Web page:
Since completing her studies at the Academy in 1980, Ditty Ketting has been building on her oeuvre using elementary, Concrete visual means. From the start, just like Mondrian and Albers, she has specified rules within which she re-discovers her challenge: arrangements of colours, applied in vertical strips. She uses the vertical stripe, because it is a form that distracts least from the colour, a nondescript form that is reminiscent of nothing in visible reality. Albers called the vertical stripe a ‘non-form’, in the same way as Mondrian called white, grey and black ‘non-colours’. The eye for colour, the act of seeing, has been developed further by Ditty Ketting over many years of concentration, and the colours and their interrelationships in her work attains an ever greater refinement. In her paintings, colours appeal exclusively to the eye of the viewer and simultaneously surpass perception. ‘Colour is all-embracing in my paintings, as essential as light and space,’ she writes. ‘It is the visual opulence of colour that I love, pure and simple, the infinite gradations, the mutability of colours: they are never the same.’ In their colours her works transcend every reality.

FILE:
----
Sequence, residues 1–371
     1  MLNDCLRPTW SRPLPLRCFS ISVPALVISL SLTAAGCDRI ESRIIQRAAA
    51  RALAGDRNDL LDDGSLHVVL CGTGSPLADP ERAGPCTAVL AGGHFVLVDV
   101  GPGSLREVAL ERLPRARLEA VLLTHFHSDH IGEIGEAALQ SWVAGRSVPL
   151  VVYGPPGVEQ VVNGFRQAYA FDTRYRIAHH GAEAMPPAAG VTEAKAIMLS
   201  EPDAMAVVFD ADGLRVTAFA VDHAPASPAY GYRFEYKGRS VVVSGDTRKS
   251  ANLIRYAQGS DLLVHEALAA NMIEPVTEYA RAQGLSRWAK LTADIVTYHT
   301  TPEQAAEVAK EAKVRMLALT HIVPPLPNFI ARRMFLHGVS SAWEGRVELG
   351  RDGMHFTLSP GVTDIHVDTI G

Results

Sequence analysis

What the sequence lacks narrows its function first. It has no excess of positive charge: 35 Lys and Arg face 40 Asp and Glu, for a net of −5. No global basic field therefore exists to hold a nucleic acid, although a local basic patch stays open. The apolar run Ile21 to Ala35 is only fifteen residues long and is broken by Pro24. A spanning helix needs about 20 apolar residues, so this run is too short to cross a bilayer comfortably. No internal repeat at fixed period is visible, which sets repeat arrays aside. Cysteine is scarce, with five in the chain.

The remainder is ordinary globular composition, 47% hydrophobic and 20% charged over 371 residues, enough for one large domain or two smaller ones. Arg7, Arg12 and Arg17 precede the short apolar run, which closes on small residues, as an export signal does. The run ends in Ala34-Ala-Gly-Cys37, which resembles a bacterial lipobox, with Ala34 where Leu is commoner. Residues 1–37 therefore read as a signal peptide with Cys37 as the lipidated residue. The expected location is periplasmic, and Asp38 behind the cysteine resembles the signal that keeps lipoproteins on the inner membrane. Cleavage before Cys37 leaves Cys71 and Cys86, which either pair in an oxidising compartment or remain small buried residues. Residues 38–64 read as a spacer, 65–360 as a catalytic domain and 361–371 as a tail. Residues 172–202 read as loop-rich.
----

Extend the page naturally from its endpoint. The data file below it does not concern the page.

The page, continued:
In her paintings the interplay of colours is so rich, so lavish and overwhelmingly present, that one never gets around to searching for a system. All the same, Ditty Ketting has followed Albers’ advice and over the years has developed a system of colours. She chooses her colours based on a chromatic circle of 14 colours which she selected instinctively, but which still have the spectrum as a basis. The names of the colours in this chromatic circle are the names she found on the tubes of acrylic paint that she buys in the shop: Cadmium Yellow Light, Cadmium Yellow Deep, Orange, Orange Red, Crimson, Magenta, Magenta Purple, Outreemer Purple, Outreemer Blue, Permanent Blue, Turkish Blue, Cobalt Teal, Emerald and Green Yellow, and then the circle begins anew. Furthermore, she works with hundreds of colour cards measuring 10 centimetres square. She experiments with these cards, testing out the mutual effects of the colours. Before realizing a work, Ketting first makes studies on paper. In the process of experimentation it becomes clear what happens with the colour and what she wants to achieve: harmony or contrast, surface or depth. This is how she decides the starting points in detail on paper for a new work or a new series. The width of the vertical stripes or the distribution of the progression in width and colour is all tried out on paper. When a preliminary study is eventually completed to satisfaction, it is transferred to canvas. Nothing else is changed. The execution of each painting demands meticulous precision and the utmost concentration. Her work often evolves in series, in which particular rules or a particular colour scheme is applied exhaustively before she begins another series. She recapitulates the colours of her chromatic circle in constantly changing configurations. Occasionally she also replaces a colour. For example, Ketting recently replaced phtalo green with cobalt teal, a colour that is much harsher for the eye – she calls it ‘vicious’ and also ‘viperous’. If cobalt teal is used in a saturated form, applied in multiple layers, then it explodes from the paper or canvas, but mixed with white or grey it seems almost to disappear, to completely efface itself. Moreover, in combination with other colours, ‘cobalt teal’ sometimes looks blue and at other times green.